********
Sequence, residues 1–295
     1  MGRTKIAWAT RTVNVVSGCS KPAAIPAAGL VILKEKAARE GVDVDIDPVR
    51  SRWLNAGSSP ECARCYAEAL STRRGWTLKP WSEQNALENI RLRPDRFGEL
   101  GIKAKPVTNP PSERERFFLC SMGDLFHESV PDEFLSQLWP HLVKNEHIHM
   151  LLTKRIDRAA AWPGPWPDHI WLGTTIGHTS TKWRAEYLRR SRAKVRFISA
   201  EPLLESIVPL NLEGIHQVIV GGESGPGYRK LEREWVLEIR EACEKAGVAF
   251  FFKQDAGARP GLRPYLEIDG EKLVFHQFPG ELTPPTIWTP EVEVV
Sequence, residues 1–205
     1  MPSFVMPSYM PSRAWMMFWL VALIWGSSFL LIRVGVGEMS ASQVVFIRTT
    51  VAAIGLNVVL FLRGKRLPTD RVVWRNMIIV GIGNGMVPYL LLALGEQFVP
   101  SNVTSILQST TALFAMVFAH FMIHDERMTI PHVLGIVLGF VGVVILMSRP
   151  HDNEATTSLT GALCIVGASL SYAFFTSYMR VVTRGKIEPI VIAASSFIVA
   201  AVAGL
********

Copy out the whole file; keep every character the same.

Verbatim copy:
Sequence, residues 1–295
     1  MGRTKIAWAT RTVNVVSGCS KPAAIPAAGL VILKEKAARE GVDVDIDPVR
    51  SRWLNAGSSP ECARCYAEAL STRRGWTLKP WSEQNALENI RLRPDRFGEL
   101  GIKAKPVTNP PSERERFFLC SMGDLFHESV PDEFLSQLWP HLVKNEHIHM
   151  LLTKRIDRAA AWPGPWPDHI WLGTTIGHTS TKWRAEYLRR SRAKVRFISA
   201  EPLLESIVPL NLEGIHQVIV GGESGPGYRK LEREWVLEIR EACEKAGVAF
   251  FFKQDAGARP GLRPYLEIDG EKLVFHQFPG ELTPPTIWTP EVEVV
Sequence, residues 1–205
     1  MPSFVMPSYM PSRAWMMFWL VALIWGSSFL LIRVGVGEMS ASQVVFIRTT
    51  VAAIGLNVVL FLRGKRLPTD RVVWRNMIIV GIGNGMVPYL LLALGEQFVP
   101  SNVTSILQST TALFAMVFAH FMIHDERMTI PHVLGIVLGF VGVVILMSRP
   151  HDNEATTSLT GALCIVGASL SYAFFTSYMR VVTRGKIEPI VIAASSFIVA
   201  AVAGL